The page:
Although I was not alive in the 1960s, I understand that at the time there was a big “free love” movement. Apparently it had one fatal flaw: the promoters of this sexual revolution had no idea what constituted freedom or love. The people assumed that if there were mutual feelings between two people, they should be free to have sex. I agree that we should be free to do whatever love calls us to do, but we need to make sure that it is love that is calling us.
It is easy to be moved by infatuation, loneliness, or lust and to mistake any of these for love because the feelings are so strong. Many people assume that if a couple has genuine feelings for each other and a strong desire to be sexually intimate, then they should be “free” to do whatever they wish, provided they both feel comfortable with it.
So if you deeply love a person, are committed to him, and see yourself marrying him, why can’t you express that in whatever way you want? After all, when you love someone, you desire union with him. I would say that as long as a couple only see themselves being together for life and can only talk about marriage, then they should only see themselves having marital relations in the future, within marriage. Until the reality of marriage is there, the expression of marital oneness is dishonest. Even if I reserve sexual arousal for a person I hope to marry, this does not make my actions moral. It just means I’m optimistic.
You mentioned that you wanted to get as close as possible to your boyfriend. Many young women suspect that physical intimacy will draw a guy closer to them, but this tactic often backfires. One girl said that, in her quest for pleasure, she was “painfully disappointed when I found only guilt instead of freedom, pain instead of love, and suffering instead of pleasure. Instead of drawing my boyfriend and me closer together, a sexual relationship only drove us further and further apart.”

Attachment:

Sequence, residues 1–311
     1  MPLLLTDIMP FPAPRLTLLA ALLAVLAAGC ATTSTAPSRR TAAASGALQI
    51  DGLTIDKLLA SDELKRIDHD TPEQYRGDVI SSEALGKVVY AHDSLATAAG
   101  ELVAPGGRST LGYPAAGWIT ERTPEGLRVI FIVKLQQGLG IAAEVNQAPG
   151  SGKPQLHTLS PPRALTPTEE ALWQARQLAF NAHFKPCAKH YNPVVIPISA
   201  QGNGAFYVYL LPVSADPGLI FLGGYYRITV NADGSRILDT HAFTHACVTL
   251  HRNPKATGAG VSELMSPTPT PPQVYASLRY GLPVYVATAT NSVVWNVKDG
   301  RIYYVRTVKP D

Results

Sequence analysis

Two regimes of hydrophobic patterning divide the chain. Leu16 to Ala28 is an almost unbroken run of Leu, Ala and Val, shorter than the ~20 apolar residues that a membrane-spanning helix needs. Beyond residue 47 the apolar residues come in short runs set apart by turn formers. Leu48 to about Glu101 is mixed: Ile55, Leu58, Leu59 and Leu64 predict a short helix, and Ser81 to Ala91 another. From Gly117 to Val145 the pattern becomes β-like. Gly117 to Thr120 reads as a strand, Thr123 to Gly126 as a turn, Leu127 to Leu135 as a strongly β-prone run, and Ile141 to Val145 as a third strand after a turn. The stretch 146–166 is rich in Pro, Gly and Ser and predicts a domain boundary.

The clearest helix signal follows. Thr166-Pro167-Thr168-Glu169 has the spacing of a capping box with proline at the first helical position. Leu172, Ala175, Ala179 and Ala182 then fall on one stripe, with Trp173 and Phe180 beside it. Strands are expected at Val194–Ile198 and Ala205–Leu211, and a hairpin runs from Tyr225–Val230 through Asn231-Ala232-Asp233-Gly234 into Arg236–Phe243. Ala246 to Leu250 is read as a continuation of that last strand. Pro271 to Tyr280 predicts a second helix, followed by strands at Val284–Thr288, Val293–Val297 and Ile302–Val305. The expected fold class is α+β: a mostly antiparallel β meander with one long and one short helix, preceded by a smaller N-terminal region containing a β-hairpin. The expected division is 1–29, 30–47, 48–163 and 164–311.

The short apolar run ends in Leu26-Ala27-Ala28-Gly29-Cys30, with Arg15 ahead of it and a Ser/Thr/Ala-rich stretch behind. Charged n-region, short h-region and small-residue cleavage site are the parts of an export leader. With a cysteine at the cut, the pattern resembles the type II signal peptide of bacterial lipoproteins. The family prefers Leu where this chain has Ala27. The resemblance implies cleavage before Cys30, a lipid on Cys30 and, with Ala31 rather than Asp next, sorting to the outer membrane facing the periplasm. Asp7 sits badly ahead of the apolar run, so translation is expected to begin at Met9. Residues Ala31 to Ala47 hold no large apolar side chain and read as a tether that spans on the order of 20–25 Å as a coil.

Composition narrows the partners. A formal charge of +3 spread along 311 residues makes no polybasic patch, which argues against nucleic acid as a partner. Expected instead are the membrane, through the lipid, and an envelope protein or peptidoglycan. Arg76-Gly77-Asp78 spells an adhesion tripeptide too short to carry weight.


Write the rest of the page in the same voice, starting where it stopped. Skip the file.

Perhaps the easiest way to find out if our actions conform to authentic love is to imagine God sitting on a nearby sofa watching us. If his presence would cause immediate shame or the desire to stop dead in our tracks, we need to ask ourselves why. If God is love, and we “really love” the other person, shouldn’t we be thrilled to have Love himself witness everything we do together? That awkwardness in our hearts is there because deep inside we know that our actions are not loving.
There are two essential elements of love. The first is the desire for union. (I would say you’ve got that.) The second and more important element of love is to desire what is best for the other, to desire God and heaven for him. It elevates the desire for union so that the two want to be together not for just a night but for eternity. Both elements must be present for love to exist. If I crave unity with a woman, but I do not desire her salvation, call it whatever you want, it is not love. After all, the purpose of foreplay is to prepare for sex. Since you’re not married and therefore not ready for sex, foreplay will only bring about greater temptations, not greater love.
If you are unsure whether a particular action could be sinful, then love demands that you refuse to go there. Suppose I put a teaspoon of powder into a cup of tea for my wife. I look at the bowl where I got the powder. It reads “sugar” on one side and “rat poison” on the other. Do I say, “Oh, it’s probably not poison. I’ll give it to her anyway”? If I loved her, then I would never do something that was possibly lethal for her. Similarly, even if I were not convinced that a particular action with her would be sinful, I would still avoid it if there were good reason to believe that it might be harmful to her soul. Since her soul is more important than her body, I should have all the more concern to protect her salvation.
Also, consider the heart of this guy’s future wife, in case you do not end up marrying him. I think that most sincere people who become physically intimate before marriage can see themselves marrying their partner. But most do not end up marrying each other. I have been in a few long relationships, and in each one marriage was a real possibility. In one case we were even trying on rings. The Lord had different plans for us. In fact, I went to her wedding, where she married a friend of mine! Watching them exchange vows and kiss at the altar made me take a deep look at the relationships I have had in my life. Take the same look, and honestly ask yourself if your actions are in any way defrauding the future bride of the guy you are dating.
. Josh McDowell, Why Wait? (Nashville, Tenn.: Nelson Book Publishers, 1987), 115.